Proper garage floor repair will pay-off when it comes time to apply your epoxy garage floor finish. Keep in mind that your new finish will have a much higher gloss than a plain concrete floor and every little blemish will be highlighted,so it is best to take the time and effort to perform the repairs so you can enjoy the best possible results.
Step 2 - Garage Floor Repair
Any good repair compound used for filling cracks or repairing broken, chipped, spalled or low areas (birdbaths) will contain polymers or other non-cementitious chemical additives to the portland mix that aid it in setting up fast and bonding well to the existing concrete floor.
The editor's recommend the trade-name product - FlexSeal™ that is sold in 5 gallon (U.S.) containers. It has a 9 - 12 minute workability time once removed from the container and a one-hour cure time. You can use it to fill low spots, cracks, or to repair chipped areas of your garage floor. It exhibits superior bonding ability and can be used both indoors and outdoors.
The nice thing about this product is that you only need to remove from the container, the amount you can use in the 9 - 12 minute workability time limit. There is no need to waste lots of material because it set-up before you could work it.
Once you mix and stir the entire 5 gallon container you can close it while you are working small areas during every 9 - 12 minute interval. You have to work this type of product fast, so it is best to have a planned approach as to where you will start and where you intend to finish.
Once you have completed Step 1 outlined on our Garage Floor Preparation page, you can begin you garage floor repair process. Since your floor is clean from the Step 1 process, it may be wise to be working the repair process in a pair of old socks, or very clean sneakers or boots.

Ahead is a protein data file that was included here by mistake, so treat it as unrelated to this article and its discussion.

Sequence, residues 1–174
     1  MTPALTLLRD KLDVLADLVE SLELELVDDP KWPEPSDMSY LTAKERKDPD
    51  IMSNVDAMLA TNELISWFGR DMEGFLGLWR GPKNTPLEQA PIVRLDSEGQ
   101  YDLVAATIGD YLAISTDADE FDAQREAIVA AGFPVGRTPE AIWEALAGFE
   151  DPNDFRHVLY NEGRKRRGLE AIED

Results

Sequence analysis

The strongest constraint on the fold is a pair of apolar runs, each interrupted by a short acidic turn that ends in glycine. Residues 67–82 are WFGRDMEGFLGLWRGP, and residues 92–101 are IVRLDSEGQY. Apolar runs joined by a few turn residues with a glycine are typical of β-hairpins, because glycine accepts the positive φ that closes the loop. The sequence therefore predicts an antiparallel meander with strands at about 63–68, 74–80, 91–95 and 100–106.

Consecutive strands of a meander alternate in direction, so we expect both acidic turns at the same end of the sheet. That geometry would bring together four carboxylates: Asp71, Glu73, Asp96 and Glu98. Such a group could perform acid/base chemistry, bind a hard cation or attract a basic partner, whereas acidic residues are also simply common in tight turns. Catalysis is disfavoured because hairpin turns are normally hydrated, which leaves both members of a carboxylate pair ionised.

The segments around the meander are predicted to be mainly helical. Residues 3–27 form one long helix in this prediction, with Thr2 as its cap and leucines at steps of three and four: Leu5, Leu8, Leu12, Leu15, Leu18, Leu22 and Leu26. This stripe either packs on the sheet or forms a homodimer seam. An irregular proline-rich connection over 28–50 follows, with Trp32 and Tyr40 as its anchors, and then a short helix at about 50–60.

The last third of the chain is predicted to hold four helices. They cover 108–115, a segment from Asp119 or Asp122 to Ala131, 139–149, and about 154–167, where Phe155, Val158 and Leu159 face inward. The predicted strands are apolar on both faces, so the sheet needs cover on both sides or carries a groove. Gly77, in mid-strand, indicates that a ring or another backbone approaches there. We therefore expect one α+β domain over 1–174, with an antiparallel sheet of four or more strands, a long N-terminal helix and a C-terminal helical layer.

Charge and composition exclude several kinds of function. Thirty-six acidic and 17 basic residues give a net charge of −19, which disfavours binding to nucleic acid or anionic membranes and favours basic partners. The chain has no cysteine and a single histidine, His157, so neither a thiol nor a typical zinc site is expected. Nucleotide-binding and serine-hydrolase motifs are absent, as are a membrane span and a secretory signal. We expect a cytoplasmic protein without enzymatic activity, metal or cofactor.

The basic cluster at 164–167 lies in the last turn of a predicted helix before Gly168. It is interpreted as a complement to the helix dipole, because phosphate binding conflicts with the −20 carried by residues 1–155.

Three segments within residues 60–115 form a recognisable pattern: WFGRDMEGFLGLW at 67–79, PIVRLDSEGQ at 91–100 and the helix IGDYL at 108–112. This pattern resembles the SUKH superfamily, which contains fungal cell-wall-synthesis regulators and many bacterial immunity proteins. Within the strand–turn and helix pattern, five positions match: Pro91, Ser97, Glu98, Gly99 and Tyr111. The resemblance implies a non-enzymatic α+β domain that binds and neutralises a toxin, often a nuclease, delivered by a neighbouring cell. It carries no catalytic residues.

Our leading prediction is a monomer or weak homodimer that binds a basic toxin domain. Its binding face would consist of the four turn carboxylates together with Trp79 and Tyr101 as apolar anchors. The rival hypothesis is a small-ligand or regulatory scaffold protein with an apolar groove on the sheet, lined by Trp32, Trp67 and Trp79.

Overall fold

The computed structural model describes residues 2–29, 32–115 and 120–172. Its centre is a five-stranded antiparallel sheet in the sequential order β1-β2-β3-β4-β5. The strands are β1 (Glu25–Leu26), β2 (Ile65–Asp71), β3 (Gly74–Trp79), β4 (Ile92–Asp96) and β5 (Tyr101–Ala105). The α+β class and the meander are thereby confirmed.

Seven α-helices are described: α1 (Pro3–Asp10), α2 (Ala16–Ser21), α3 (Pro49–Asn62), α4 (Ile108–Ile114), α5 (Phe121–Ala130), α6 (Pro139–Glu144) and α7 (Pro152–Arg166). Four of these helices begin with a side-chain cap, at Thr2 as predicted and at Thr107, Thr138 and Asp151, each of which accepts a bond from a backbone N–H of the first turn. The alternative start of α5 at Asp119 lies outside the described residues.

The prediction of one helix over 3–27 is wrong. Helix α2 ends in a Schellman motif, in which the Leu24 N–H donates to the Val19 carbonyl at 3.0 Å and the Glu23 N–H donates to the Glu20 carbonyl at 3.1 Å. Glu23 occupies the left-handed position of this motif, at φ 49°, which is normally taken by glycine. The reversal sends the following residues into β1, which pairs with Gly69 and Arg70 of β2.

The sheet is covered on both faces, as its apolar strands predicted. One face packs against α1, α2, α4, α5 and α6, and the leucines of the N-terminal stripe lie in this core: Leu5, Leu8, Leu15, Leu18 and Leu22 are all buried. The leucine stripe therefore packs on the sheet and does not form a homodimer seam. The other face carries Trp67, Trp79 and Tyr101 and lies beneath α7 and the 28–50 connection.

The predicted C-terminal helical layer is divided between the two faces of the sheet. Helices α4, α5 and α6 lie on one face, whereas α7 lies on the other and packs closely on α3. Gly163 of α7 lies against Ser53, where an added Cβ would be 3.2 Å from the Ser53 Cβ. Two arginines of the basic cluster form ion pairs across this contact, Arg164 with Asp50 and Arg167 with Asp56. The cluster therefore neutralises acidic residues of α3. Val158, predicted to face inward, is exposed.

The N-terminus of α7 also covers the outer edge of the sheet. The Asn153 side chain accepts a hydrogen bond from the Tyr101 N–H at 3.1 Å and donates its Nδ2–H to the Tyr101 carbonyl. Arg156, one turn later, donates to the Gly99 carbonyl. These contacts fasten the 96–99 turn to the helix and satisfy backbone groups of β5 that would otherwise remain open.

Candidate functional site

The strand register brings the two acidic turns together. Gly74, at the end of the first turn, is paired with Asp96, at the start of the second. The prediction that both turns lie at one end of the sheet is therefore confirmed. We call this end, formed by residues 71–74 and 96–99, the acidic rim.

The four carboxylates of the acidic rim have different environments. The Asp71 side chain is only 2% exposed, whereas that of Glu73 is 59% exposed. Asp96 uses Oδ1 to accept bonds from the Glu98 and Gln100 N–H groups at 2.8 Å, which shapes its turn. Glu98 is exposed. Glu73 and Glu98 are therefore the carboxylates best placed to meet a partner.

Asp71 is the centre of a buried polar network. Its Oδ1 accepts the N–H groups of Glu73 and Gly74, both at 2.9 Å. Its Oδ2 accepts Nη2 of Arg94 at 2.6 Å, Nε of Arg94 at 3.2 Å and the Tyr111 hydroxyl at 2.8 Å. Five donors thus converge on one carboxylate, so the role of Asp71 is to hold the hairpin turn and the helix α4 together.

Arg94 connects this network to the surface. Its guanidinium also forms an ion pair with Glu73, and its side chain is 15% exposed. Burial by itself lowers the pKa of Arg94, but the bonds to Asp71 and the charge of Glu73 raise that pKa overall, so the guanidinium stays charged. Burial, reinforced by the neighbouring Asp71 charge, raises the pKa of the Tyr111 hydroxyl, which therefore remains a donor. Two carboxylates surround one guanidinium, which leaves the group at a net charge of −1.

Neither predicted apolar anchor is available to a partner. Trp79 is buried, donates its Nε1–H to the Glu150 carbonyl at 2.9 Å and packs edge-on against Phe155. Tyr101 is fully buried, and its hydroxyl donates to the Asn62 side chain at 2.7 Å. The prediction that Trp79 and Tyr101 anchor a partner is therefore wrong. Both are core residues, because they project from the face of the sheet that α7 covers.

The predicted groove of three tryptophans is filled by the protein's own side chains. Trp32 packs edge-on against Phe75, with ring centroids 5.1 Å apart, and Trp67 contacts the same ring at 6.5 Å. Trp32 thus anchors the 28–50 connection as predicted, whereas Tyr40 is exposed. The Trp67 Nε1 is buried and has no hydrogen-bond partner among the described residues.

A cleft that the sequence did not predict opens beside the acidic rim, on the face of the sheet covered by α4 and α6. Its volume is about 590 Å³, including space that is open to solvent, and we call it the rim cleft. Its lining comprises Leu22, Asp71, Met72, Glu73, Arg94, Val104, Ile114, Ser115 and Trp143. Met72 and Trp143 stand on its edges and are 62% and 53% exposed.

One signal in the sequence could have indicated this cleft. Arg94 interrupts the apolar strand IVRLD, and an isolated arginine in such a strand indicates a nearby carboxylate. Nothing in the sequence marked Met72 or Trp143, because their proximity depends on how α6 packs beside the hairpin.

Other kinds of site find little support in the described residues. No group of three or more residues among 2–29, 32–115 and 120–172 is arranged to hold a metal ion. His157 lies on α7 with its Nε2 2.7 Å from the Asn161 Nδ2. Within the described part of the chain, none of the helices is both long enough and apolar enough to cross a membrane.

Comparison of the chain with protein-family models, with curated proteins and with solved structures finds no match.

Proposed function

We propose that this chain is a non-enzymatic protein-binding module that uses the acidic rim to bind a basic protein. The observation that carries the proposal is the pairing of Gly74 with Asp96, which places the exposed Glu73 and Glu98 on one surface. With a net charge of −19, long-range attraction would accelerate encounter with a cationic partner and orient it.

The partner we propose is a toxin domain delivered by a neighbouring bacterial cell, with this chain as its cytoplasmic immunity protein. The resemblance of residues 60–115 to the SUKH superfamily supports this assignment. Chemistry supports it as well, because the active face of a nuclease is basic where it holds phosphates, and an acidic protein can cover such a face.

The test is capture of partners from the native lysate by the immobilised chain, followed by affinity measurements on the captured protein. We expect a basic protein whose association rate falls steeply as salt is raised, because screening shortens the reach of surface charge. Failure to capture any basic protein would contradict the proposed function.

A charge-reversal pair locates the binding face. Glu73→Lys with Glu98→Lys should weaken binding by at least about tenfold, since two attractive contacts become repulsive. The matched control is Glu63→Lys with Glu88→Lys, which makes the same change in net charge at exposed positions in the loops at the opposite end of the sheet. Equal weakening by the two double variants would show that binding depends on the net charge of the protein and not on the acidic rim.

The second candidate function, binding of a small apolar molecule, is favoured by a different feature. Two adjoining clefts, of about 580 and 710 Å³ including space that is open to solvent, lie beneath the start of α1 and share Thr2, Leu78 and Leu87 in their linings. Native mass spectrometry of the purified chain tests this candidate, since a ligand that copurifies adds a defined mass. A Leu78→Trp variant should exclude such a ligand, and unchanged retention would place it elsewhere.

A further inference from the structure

For filling cracks, it is best to use a 1-12" to 2" wide putty knife to work the compound into the crack-void. The idea is to get as much compound into the void and as little as possible left on the floor that forms small ridges, etc. that will show-up in the final finish. You don't want to start more than 1/2" back from the crack on the floor surface to accomplish this, or you will be spending too much time drawing your blade back over the floor surface to reduce the possible ridges as the compound begins to set and harden.
For building-up low spots in your floor it is best to do this in layers depending on how deep the low spots are. If it is a spot that amounts to a 1/8" to 1/4" depression, you can do it in one application. If it is a spot that is caused from spalling, and deeper than 1/4", then you should do it in two lifts done and hour apart. Getting it to blend with the edge of the existing floor to make a seamless joint is the hard part. You may have to use a 1 x 4 screed board for this while a helper knocks-down any ridges with a putty-knife. Think it through before you start!
If you have chipped or broken corners at pre-cut joints, you can use your putty-knife to work the compound into the area for that type of garage floor repair work. If the broken area is deeper than 1/4", build it up in lifts of 1/4" thick, one-hour apart. When you get to the point that you have raised it to the proper elevation, do your best to blend it into the existing concrete surface leaving no ridges. You want as smooth as surface as possible for your epoxy garage floor finish.
Once you have completed your garage floor repair work, you will need to etch the entire floor surface as a final step prior to applying the epoxy garage floor finish. Proper garage floor preparation is key to the successful application of a epoxy garage floor finish. Next, visit our page: Garage Floor Etching to learn about that process.
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